Evaporation sensitivity to ambient temp?

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skifast1

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I'm many years removed from my engineering classes - will the evaporation rate in a full boil be higher or lower at cold ambient temps (assuming equal humidity)? I'm celebrating MLK day by brewing a British Bitter - close enough:D
 

Scimmia

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Hmm, that's a good question. First off, though, when you say equal humidity, are you talking about relative humidity or absolute humidity? Assuming relative humidity, I think the partial pressure of water vapor would be lower at the lower temperature, so I think that boil off rates would be higher.
 
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skifast1

skifast1

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Ha - I meant relative. There's another subject that made a quick exit out of my brain after the final exam.
 

modenacart

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Warm air can hold more mosture so a high ambient temperature should have more boiled off vapor. That is why you see condisation on you window when you have ac blowing on you winshield.
 

david_42

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There will be a slightly greater wort loss when it is cold, but wind is far more important. Wind carries off heat from the flame, the kettle and the blowing over the wort surface accelerates evaporation and heat loss.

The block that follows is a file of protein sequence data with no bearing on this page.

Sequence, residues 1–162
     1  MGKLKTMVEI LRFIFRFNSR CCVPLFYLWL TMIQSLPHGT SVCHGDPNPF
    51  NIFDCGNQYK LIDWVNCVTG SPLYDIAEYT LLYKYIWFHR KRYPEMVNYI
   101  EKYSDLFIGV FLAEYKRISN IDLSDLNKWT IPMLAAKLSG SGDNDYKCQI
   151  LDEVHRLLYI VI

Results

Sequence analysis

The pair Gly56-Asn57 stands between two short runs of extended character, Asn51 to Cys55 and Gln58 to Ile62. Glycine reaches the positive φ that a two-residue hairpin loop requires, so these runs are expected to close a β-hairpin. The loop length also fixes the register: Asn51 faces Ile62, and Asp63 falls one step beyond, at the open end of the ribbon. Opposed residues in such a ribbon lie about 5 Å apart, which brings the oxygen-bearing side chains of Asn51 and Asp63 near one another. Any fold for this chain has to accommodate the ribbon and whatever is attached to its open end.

modenacart

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The wind blowing makes sense because of the moisture gradient, but cold air does not hold more moisture then hot air. It does not make sense that the air being cold will lead to more evaporation.
 

Scimmia

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modenacart, air doesn't "hold" moisture at all. Water vapor can exist, regardless of the presence of air. But yes, more water can exist as vapor in higher temperatures. Don't forget, though, that we're talking about boiling water (HOT), not water at ambient temperatures, and evaporation depends SOLELY on the temperature of the liquid, not the temperature of the air; and with the lower partial pressure of water vapor at lower temperatures, there would be less recondensing on the surface, making me think that boil off would be higher. Now when that water vapor cools to ambient temperatures, a lot of it will recondense, but who knows where that will be. Very little of it in the pot, I'm sure.